Shuay'b Greenaway, then 32, was painting his Hempstead residence's bathroom in 2010 when local officers came to his door following 911 calls from his family asking for help in convincing Greenaway to seek psychological help for his bipolar disorder. No violence or menacing behavior was alleged in the calls.
Use of Force: News and Publications
In May 2017, the family of a Huntley, Montana man killed by two Yellowstone County Sheriff's deputies agreed to a settlement of $1.25 million. The victim, Loren Simpson, was 28 in 2015 when former deputies Jason Robinson and Christopher Rudolph responded to a reported burglary. The deputies fired at least 24 shots at Simpson, although, according to a U.S. District Court judge, there was no proof Simpson had committed any crime.
In April 2017, a Harris County, Texas jury awarded the parents of Jamail Amron $11 million in damages following a three-week trial in the wrongful death of their 23-year-old son.
"The central purpose of 42 U.S.C. § 1983 is to “give a remedy to parties deprived of constitutional rights, privileges and immunities by an Official’s abuse of his position.” Monroe v. Pape, 365 U.S. 167, 172 (1961). Petitioners’ proposed rule—that the reasonableness of Fourth Amendment seizures be evaluated without regard to any facts but those at the exact moment an officer applies force—flies in the face of this purpose, as well as the Court’s longstanding precedent. If adopted, this rule would prevent innocent parties injured or killed by police during a stop or arrest from presenting any evidence of the officers’ conduct leading up to the moment of violence, even if that earlier conduct was a violation of well-established constitutional law. This Court should reject the Petitioners’ reductionist, outcome-oriented approach, and affirm that Section 1983 Fourth Amendment claims are to be evaluated under the totality of the circumstances, using ordinary principles of proximate cause."
"The pattern of unlawful force we found resulted from a collection of poor police practices that our investigation indicated are used routinely within [the Chicago Police Department]. We found that officers engage in tactically unsound and unnecessary foot pursuits, and that these foot pursuits too often end with officers unreasonably shooting someone—including unarmed individuals. We found that officers shoot at vehicles without justification and in contradiction to CPD policy. We found further that officers exhibit poor discipline when discharging their weapons and engage in tactics that endanger themselves and public safety, including failing to await backup when they safely could and should; using unsound tactics in approaching vehicles; and using their own vehicles in a manner that is dangerous. These are issues that can and must be better addressed through training, accountability and ultimately cultural change."
On May 5th, 2015, Brandon Glenn, 29, was standing on the sidewalk in California's Venice Beach when Los Angeles Police Department officers notified him he was under arrest with no apparent justification. While other officers proceeded to restrain Glenn, and without giving any warning or commands beforehand, Officer Clifford Proctor then shot Glenn twice in the back, killing him.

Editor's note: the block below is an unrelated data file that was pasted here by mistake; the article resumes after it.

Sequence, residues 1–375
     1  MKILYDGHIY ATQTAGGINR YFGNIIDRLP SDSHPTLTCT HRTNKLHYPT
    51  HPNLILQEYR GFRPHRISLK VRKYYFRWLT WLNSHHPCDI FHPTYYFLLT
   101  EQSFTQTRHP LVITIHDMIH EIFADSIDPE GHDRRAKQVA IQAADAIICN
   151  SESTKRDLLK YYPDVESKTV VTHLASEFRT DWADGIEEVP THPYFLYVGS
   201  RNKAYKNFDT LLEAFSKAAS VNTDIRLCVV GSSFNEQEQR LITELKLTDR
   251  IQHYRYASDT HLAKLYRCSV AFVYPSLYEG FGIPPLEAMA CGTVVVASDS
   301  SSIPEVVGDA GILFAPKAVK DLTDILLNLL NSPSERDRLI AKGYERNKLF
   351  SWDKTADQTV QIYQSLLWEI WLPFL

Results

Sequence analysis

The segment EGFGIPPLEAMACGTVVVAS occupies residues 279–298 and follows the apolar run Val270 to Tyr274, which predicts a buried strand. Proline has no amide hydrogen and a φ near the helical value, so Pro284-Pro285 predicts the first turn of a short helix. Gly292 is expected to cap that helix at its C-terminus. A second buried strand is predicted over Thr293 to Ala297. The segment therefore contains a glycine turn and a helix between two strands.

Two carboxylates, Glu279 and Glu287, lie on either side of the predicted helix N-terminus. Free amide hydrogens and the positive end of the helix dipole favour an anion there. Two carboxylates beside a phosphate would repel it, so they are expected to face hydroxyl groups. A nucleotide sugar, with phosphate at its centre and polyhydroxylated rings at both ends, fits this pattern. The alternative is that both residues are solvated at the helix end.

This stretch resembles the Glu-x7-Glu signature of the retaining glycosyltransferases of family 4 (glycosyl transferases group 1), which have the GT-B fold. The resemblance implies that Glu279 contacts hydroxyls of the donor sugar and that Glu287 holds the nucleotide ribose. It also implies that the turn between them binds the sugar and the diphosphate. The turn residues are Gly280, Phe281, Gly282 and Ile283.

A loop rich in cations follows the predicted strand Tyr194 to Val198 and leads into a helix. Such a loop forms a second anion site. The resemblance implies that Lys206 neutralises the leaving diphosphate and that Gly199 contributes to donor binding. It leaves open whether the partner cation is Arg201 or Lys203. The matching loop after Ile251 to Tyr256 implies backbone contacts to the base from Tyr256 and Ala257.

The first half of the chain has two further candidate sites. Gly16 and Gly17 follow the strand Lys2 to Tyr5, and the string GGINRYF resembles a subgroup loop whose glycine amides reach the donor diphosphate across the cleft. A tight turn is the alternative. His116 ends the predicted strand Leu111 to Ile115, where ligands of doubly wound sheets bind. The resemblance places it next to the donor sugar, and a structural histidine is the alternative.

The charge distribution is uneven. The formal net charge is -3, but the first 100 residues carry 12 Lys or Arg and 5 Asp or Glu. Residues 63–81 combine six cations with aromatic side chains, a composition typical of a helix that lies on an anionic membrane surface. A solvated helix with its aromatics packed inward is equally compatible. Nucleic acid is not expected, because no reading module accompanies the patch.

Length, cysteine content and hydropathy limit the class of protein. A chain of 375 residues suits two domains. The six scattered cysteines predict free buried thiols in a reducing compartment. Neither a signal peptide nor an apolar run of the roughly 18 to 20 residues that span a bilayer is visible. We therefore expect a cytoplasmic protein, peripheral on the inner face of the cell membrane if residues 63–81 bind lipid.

"In July 2014, CCRB Board Chair Richard Emery, in the wake of the tragic death of Eric Garner and on behalf of his fellow Board members, asked the CCRB staff to undertake an objective, comprehensive assessment of chokehold complaints made to the CCRB. This study investigates chokehold complaints, primarily from January 2009 until June 2014, in order to report findings and make recommendations to the Police Commissioner and the public. After documenting and evaluating five and a half years of chokehold complaints, their patterns and the likely causes of their persistence, this report recommends ways in which the CCRB and the NYPD can collaborate to reduce chokehold incidents and eliminate future chokehold tragedies. This report is an agency report prepared by staff as directed by the Chair."
On Monday, December 19th 2016, New Orleans Mayor Mitch Landrieu spoke during a Xavier University press conference convened to announce settlements in connection with several Department incidents of misconduct circa 2005's Hurricane Katrina. Speaking on behalf of the city, which has agreed to pay $13.3M to 17 different plaintiffs, four of whom were killed by New Orleans Police Department officers, Mayor Landrieu publicly apologized to the families of the victims.
In July 2016, New York City agreed to pay $614,500 to Jateik Reed in settlement for his brutal 2012 beating in the Bronx by 42nd Precinct NYPD officers. Reed was 19 in January 2012 when he and several friends were stopped and frisked; when Reed questioned the legality of his detainment, officers began beating him with their batons.
"The plenary power that the political branches of government exercise over the admission and exclusion of noncitizens does not compel a different conclusion. In the first place, this case does not involve the admission or exclusion of noncitizens. It involves an excessive force claim. In any event, where constitutional rights do exist notwithstanding plenary power—as here, for the reasons set forth in Petitioners’ brief, see Br. 14-27—then the Court should recognize a cause of action that allows a remedy for violation of those rights.... Recognizing a Bivens cause of action in this context will not lead to a deluge of new claims. To the contrary, numerous Courts of Appeals have long recognized the availability of a Bivens cause of action in the border patrol and immigration enforcement context, and lower courts have not been inundated with litigation as a consequence of this recognition. Nor is there any evidence that legitimate immigration enforcement interests have been unduly constrained as a result. Accordingly, this Court should permit a Bivens cause of action in this case."